The Jewish Museum of New York opened an exhibition of works by the legendary artist of the twentieth century Amedeo Modigliani.
The new exhibition is called "Modigliani Unmasked", which can be translated as "Modigliani without a mask". It is devoted to the early works of Modigliani, mainly drawings created by the artist during the first years of his arrival in Paris in 1906 from the Italian town of Livorno.
At the exhibition in the Jewish Museum, the most part of one of the halls is occupied by the portraits of Ahmatova work by Amedeo Modigliani. The story of the novel by Anna and Amedeo, like the story of the portraits of Akhmatova, is amazing and deserves a separate story.
He is Italian, she is Russian, and she spoke French, and Modigliani, she said, addressed her to "you" ("vous"). Admittedly, and judging by the surviving portraits, Modigliani was handsome, like a god. When they met with Akhmatova, he was 26 (and said that 24, and did not immediately admit that a Jew), Akhmatova - 20, and she had just married Gumilev. True, she did not like Gumilev, opposed marriage and ceded only when he threatened to shoot himself. A woman of free morals, without prejudice, she was not bound by love-matrimonial obligations: marriage was forced. And nevertheless, let me seem old-fashioned, but I admit that between Anna and Modi, as his close ones called it, at least in the first year of acquaintance, there were platonic relations, although Akhmatova posed for him naked, lying: in these pictures the lines of her body are wavy, exciting, exciting - is this not an occasion to attribute to them an intimate relationship? A model or mistress, what role does it play now? Moreover, Akhmatova was "isogenous", and her portrayed many wonderful artists, including our Nathan Altman and Alexander Tyshler, but this does not mean that she slept with them. What is certain - Amedeo and Anna were carried away by each other, in one of the letters he called her his "une hantise" and often repeated that they understand each other as nobody. They were connected by a craving for poetry and art: they did not like and loved the same things - in the minus went the erudite-satirist Anatole France and the "reciter" Victor Hugo, but they spent hours sparring the poems of Mallarme, Baudelaire, Verlaine. Modigliani knew by heart the entire "Divine Comedy" of his compatriot Dante. Akhmatova writes that the love of poetry is a rare quality for artists, and she met him only with Tyshler.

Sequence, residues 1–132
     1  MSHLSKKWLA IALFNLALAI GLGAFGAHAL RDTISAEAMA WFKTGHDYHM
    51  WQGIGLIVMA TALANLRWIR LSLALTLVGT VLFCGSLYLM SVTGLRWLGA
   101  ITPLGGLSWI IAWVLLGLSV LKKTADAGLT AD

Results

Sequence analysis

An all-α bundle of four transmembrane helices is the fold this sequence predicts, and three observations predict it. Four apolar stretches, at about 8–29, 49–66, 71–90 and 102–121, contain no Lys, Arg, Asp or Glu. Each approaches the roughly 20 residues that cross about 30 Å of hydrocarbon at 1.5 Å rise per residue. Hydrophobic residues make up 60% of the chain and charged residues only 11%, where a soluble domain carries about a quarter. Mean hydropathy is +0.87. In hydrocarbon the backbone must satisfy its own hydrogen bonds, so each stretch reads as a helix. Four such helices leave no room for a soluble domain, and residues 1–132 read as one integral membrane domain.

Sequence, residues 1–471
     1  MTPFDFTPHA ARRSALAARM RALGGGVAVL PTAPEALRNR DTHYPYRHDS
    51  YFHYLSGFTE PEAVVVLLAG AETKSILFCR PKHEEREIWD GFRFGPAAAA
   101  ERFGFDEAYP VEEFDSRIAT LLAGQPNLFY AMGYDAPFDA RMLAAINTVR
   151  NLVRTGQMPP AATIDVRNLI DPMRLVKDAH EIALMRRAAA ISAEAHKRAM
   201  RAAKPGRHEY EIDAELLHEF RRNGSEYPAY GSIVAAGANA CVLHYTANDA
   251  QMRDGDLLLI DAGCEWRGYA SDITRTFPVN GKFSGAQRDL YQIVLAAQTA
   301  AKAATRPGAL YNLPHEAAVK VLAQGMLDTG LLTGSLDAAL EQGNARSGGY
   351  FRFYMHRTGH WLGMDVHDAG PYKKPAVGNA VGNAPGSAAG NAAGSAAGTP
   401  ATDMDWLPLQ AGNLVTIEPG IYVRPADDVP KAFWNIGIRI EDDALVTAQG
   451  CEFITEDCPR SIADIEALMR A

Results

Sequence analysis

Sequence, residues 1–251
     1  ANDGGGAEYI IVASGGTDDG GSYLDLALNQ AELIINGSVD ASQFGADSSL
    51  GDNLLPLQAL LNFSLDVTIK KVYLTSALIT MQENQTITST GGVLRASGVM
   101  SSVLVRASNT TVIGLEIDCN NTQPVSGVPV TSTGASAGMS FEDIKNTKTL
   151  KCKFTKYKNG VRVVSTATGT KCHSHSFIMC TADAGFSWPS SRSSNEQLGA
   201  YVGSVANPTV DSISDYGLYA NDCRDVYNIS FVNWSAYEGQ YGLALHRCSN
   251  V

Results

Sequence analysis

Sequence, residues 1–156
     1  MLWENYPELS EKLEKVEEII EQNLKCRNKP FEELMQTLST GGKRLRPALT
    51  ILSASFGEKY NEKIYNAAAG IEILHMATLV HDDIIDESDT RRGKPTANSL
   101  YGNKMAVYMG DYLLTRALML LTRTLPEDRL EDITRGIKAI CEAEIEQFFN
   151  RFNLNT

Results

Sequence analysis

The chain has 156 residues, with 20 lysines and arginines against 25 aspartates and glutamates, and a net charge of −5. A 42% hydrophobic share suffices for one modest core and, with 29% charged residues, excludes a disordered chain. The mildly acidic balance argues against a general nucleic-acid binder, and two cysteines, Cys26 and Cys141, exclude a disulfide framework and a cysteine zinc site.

The exhibition will be open until February 2018.